Orchids forum: Repotting and Fungicides

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Name: Jim Hawk
Odessa, Florida (Zone 9b)
Charter ATP Member Hibiscus Birds Bromeliad Greenhouse Master Gardener: Florida
Garden Photography Region: United States of America Roses Tropicals Region: Florida Orchids
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hawkarica
Feb 20, 2014 1:16 PM CST
I had a thought last night and I want to run it by the gang. I've been hard at work the last few days repotting several of my orchids. I am using mostly new clay orchid pots but sometimes I recycle the old pots as well. When I have an old dirty pot, I soak it over night in a chlorine solution to sterilize it and help remove old roots. So, here is my thought: Why not add fungicide to the water I soak the pots in? You can do this with new pots as well, sans the chlorine. Then, why not soak the new bark in a fungicide solution too? You could poke a few holes in the bag the bark comes in and plop it in the solution. This way you get a head start against the dreaded black rot. Finally, add a little cinnamon and you're good to go.

Your thoughts:

Jim
Name: Kathy
Western MA

Charter ATP Member I was one of the first 300 contributors to the plant database! Dog Lover Region: Northeast US Orchids Irises
Enjoys or suffers cold winters
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boojum
Feb 20, 2014 5:01 PM CST
Orchiata is my thought!
Name: Jim Hawk
Odessa, Florida (Zone 9b)
Charter ATP Member Hibiscus Birds Bromeliad Greenhouse Master Gardener: Florida
Garden Photography Region: United States of America Roses Tropicals Region: Florida Orchids
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hawkarica
Feb 20, 2014 5:22 PM CST
I know Orchiata has calcium and magnesium in it but I don't think it has a fungicide. Also, it costs about $20 for half a cubic foot. Considering how many HD bags I went through this afternoon, that would be pricy.

Jim
Name: Ursula
Fair Lawn NJ, zone 6b
Charter ATP Member Spiders! Native Plants and Wildflowers Region: Pennsylvania Greenhouse Cactus and Succulents
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Ursula
Feb 20, 2014 6:39 PM CST

Moderator

I have soaked my potting medium with Bayer's Rose and Flower Care (Insecticide, Fungicide, Fertilizer in one) on occasion during spring time re-potting. At least it kept some stubborn scale away, coupled with a good clean up first.
Name: Elaine
South Sarasota, Florida (Zone 9b)
The one constant in life is change
Cat Lover Master Gardener: Florida Tropicals Multi-Region Gardener Vegetable Grower Region: Florida
Herbs Orchids Birds Garden Ideas: Level 2 Garden Sages Celebrating Gardening: 2015
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dyzzypyxxy
Feb 20, 2014 7:41 PM CST
I scrub old clay pots with a soap/chlorine bleach (Clorox Clean-up), let them dry out in the sun, which evaporates the chlorine then dunk them in a Physan solution 1/2tsp. per gallon before using them to pot any orchids again. I like to be careful about combining chemicals in case the one cancels out the other, or something . .. Rolling my eyes.

Can't tell if it's helping against the black rot just yet, but it certainly helps keep the pots from growing green algae on the outsides.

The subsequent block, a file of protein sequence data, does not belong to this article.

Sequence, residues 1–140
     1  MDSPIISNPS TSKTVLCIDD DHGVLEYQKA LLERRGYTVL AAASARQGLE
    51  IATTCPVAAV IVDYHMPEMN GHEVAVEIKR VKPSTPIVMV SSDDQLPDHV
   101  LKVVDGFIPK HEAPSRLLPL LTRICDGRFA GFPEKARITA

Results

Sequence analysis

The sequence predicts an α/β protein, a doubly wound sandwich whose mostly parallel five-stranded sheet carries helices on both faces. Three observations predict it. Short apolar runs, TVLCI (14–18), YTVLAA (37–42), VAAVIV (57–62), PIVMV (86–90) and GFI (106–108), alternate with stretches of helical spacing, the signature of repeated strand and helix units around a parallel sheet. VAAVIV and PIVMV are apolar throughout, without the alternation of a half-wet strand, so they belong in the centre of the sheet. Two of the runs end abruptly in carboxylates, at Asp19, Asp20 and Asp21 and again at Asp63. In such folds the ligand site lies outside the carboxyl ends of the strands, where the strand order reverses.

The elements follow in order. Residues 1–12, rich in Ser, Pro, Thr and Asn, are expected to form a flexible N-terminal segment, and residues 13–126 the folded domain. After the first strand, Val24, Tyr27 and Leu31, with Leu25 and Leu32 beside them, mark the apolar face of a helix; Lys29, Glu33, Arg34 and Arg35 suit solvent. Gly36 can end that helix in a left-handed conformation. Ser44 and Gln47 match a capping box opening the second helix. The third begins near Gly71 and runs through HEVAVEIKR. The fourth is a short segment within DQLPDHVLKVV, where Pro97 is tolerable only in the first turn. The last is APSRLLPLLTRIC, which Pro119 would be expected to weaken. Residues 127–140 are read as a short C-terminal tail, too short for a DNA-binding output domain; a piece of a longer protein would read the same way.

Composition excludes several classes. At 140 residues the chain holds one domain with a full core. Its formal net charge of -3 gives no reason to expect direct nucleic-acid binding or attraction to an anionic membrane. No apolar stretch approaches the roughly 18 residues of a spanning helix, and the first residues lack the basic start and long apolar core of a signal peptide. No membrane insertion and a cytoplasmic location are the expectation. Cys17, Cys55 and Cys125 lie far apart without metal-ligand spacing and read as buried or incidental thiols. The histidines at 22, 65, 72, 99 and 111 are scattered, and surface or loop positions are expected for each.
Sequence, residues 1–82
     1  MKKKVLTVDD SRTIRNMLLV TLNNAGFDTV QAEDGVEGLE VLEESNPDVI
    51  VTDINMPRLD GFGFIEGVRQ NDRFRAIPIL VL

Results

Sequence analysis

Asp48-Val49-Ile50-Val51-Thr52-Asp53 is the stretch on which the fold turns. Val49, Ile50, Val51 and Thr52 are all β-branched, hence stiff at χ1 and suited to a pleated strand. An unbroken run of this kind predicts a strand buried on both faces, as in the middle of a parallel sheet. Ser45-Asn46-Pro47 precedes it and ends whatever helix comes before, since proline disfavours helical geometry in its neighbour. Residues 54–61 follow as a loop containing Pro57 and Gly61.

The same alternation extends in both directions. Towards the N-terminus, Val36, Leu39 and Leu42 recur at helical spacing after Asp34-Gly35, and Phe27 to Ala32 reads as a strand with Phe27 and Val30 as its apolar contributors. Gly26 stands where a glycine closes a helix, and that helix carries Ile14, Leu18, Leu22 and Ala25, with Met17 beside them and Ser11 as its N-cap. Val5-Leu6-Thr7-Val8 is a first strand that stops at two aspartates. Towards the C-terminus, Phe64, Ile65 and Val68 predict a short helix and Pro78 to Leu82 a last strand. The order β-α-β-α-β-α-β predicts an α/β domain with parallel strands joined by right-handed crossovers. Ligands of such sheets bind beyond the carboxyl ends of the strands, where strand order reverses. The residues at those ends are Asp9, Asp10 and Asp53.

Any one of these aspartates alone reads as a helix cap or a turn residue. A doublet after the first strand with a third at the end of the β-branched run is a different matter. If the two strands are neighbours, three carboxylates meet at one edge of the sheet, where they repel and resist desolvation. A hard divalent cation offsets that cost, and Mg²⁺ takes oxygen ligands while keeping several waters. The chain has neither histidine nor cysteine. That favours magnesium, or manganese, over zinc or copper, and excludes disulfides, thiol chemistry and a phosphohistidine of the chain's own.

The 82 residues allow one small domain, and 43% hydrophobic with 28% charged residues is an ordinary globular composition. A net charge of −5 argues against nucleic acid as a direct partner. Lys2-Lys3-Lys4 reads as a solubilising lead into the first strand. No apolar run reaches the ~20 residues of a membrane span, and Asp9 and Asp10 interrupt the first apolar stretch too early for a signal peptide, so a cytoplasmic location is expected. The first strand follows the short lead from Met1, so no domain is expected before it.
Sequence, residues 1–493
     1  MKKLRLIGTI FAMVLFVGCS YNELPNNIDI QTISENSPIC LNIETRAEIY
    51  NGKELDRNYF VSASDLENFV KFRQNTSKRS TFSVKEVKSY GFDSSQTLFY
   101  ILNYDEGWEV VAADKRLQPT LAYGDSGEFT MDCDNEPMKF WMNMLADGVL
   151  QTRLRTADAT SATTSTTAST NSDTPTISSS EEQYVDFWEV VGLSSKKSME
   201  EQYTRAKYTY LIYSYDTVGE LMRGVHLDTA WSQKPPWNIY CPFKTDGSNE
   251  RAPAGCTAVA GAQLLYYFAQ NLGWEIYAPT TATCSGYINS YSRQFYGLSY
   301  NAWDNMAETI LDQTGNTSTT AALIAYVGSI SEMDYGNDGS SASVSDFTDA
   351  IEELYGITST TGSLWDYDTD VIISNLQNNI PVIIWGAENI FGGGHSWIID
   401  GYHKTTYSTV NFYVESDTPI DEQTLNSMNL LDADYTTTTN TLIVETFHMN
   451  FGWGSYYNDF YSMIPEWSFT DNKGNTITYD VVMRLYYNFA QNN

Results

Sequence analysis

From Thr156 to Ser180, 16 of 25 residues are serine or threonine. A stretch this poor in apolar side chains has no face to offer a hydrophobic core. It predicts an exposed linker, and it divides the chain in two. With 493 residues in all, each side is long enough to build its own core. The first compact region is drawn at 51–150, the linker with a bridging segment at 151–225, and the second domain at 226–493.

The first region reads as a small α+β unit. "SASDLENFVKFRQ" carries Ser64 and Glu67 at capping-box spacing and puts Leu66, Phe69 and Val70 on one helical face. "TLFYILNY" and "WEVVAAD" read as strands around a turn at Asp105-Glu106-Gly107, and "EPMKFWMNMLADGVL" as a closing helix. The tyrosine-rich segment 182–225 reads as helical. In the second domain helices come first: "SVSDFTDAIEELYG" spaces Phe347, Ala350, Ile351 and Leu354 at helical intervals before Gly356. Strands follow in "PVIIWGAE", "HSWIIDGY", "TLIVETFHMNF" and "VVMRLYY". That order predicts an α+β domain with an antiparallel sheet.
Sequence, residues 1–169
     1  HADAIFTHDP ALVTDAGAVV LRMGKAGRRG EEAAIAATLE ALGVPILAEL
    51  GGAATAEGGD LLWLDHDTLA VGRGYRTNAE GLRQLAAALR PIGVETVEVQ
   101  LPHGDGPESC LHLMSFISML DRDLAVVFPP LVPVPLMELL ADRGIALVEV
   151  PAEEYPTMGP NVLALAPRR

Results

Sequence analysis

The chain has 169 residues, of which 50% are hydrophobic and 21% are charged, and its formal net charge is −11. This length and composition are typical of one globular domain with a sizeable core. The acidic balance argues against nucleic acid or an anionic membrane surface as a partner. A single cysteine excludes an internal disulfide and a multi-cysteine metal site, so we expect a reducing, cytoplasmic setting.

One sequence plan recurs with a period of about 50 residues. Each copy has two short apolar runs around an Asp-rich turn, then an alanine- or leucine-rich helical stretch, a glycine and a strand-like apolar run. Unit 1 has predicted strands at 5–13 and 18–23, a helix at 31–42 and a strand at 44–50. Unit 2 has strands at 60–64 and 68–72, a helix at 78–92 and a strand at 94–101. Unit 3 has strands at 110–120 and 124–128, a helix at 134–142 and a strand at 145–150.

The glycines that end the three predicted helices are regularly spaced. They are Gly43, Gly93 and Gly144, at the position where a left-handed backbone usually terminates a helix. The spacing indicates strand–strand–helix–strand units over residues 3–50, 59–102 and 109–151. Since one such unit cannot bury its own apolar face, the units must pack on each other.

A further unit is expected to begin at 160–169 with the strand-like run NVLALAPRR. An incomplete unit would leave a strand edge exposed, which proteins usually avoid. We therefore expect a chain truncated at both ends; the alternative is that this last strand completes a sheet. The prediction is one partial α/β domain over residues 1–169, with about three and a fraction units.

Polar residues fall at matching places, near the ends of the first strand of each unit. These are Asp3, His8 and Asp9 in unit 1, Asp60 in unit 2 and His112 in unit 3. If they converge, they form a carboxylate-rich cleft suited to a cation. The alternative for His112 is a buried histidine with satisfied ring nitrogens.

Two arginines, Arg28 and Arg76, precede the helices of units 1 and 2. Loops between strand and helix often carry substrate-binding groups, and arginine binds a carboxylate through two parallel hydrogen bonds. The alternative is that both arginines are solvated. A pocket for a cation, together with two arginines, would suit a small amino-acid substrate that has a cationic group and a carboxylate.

Trouble with living in Florida is that every fungus spore known to man is floating around in the lovely warm, humid air, ready to land on the leaves of your plants. I also sprayed my whole pool cage with Physan after it was power-washed last September. I do think that slowed down the incidence of black rot starting. I didn't have any new cases after the cleaning/spraying. Just had to battle with the ones already infected.
Elaine

"Success is stumbling from failure to failure with no loss of enthusiasm." –Winston Churchill
Name: Kathy
Western MA

Charter ATP Member I was one of the first 300 contributors to the plant database! Dog Lover Region: Northeast US Orchids Irises
Enjoys or suffers cold winters
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boojum
Feb 22, 2014 12:22 AM CST
Jim, orchiata doesn't break down and rot easily.
Name: Ken Ramsey
Starkville, MS (Zone 8a)
[url=www.tropicalplantsandmore.com]
Orchids Greenhouse Vegetable Grower Ferns Region: United States of America Hummingbirder
Composter Bromeliad Master Gardener: Mississippi Cat Lover Tropicals Plumerias
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drdawg
Feb 22, 2014 8:52 AM CST
Orchiata is a really great potting media. But it is very expensive. When I only had a handful of orchids, that's what I used. I don't use it now because I go through so many cubic feet of mixture each year and the cost would be prohibitive. I probably go though a total of 20 cf of my four main components for my orchids. IF I only had a few plants to re-pot, I would not hesitate using Orchiata. I like my mixture (for most of my orchids) of 1/2 (fine, medium, or coarse) heat-treated, Douglas fir bark and equal amounts of horticultural charcoal (fine or medium), expanded rock, and medium chunks of coconut fiber to make up the other 1/2. I also use this to augment the potting soil mix for my other tropical plants.

Everyone has their favorite mixture, but I have had good results with the mix I use.
drdawg (Ken Ramsey) - Tropical Plants & More
[url=www.tropicalplantsandmore.com]www.tropicalplantsandmore.com[/url]
If God wanted me to touch my toes, he would have put them on my knees.

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